Wabanaki Plant Gathering in Acadia National Park: Weaving Traditional Ecological Knowledge and Scientific Knowledge to Restore Traditional Resource Harvesting – Suzanne Greenlaw
Suzanne Greenlaw presented Wabanaki Plant Gathering in Acadia National Park: Weaving Traditional Ecological Knowledge and Scientific Knowledge to Restore Traditional Resource Harvesting at the Society of Applied Anthropology Conference in Philadelphia. She also participated in a discussion on Building Sustainable Co-Management in the National Park Service through Community Action panel.
Her presentation focused on formal agreements to gather plants or plant parts by Federally-recognized tribes as they relate to the 70 + plants of interest in Acadia, particulary in relation to the history and harvesting challenges of the Wabanaki people.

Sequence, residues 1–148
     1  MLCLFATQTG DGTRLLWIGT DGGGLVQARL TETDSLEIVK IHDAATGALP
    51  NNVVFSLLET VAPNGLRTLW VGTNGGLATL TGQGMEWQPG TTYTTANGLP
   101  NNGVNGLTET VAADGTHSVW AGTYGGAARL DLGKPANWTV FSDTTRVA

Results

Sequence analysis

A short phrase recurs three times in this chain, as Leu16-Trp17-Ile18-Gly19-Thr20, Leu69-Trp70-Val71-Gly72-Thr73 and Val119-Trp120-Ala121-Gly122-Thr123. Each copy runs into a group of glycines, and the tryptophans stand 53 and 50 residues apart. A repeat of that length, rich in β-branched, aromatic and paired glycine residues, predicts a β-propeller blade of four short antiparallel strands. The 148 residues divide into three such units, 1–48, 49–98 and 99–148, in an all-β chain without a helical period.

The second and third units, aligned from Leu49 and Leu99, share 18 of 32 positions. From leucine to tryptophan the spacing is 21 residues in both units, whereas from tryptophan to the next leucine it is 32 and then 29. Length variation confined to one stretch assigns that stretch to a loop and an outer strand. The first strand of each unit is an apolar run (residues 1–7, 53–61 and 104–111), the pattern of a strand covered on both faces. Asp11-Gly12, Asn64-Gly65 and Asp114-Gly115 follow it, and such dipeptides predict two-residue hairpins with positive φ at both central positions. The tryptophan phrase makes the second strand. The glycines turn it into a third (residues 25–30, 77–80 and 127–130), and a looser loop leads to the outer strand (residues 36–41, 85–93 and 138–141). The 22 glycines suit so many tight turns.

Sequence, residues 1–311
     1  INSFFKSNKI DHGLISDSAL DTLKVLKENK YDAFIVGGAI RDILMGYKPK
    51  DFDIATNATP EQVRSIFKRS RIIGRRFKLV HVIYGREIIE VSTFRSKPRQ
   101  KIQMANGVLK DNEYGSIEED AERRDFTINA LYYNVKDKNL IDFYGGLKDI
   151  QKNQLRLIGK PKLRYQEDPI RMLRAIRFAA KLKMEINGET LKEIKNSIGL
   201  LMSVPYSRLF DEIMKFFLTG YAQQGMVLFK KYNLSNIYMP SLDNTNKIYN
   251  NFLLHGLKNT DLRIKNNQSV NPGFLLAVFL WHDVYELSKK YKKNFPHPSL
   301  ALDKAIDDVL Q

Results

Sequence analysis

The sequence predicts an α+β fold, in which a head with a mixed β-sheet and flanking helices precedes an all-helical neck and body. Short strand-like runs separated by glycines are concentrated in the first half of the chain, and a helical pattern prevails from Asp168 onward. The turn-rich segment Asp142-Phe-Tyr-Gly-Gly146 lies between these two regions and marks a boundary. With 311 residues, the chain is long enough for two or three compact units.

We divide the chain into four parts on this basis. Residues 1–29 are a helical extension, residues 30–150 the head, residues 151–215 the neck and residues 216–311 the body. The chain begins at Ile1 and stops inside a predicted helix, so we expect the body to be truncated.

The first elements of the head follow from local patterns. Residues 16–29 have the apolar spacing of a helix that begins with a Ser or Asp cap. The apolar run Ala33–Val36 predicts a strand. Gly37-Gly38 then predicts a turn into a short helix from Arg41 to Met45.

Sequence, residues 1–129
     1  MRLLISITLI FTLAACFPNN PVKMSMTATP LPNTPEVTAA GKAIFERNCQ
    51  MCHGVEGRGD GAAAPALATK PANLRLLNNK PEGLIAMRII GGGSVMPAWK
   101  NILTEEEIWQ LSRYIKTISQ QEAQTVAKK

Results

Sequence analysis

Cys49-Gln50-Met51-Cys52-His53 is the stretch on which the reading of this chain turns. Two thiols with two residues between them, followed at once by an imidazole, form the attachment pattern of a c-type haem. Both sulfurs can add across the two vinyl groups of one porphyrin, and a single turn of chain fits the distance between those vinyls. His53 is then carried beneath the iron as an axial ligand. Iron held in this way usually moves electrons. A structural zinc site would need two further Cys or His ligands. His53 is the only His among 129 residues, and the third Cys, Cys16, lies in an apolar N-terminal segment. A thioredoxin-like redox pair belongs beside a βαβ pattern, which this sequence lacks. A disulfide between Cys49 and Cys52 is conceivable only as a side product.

The talk is based on data generated for an Environmental Assessment to determine abundance and distribution of sweetgrass (Anthoxanthum nitens, syn Hierochloe odorata) within Acadia National Park, and to document Traditional Ecological Knowledge (TEK) of Wabanaki sweetgrass gatherers.
'Welimahaskil' in Passamaquoddy-Maliseet or 'sweetgrass' in English, is a perennial grass that typically grows in salt marsh locations, has limited seed production and typically spreads through rhizomes.
Greenlaw's results demonstrate that harvesting 50% of the population using traditional methods curtails population decline and may enable sustainable harvest.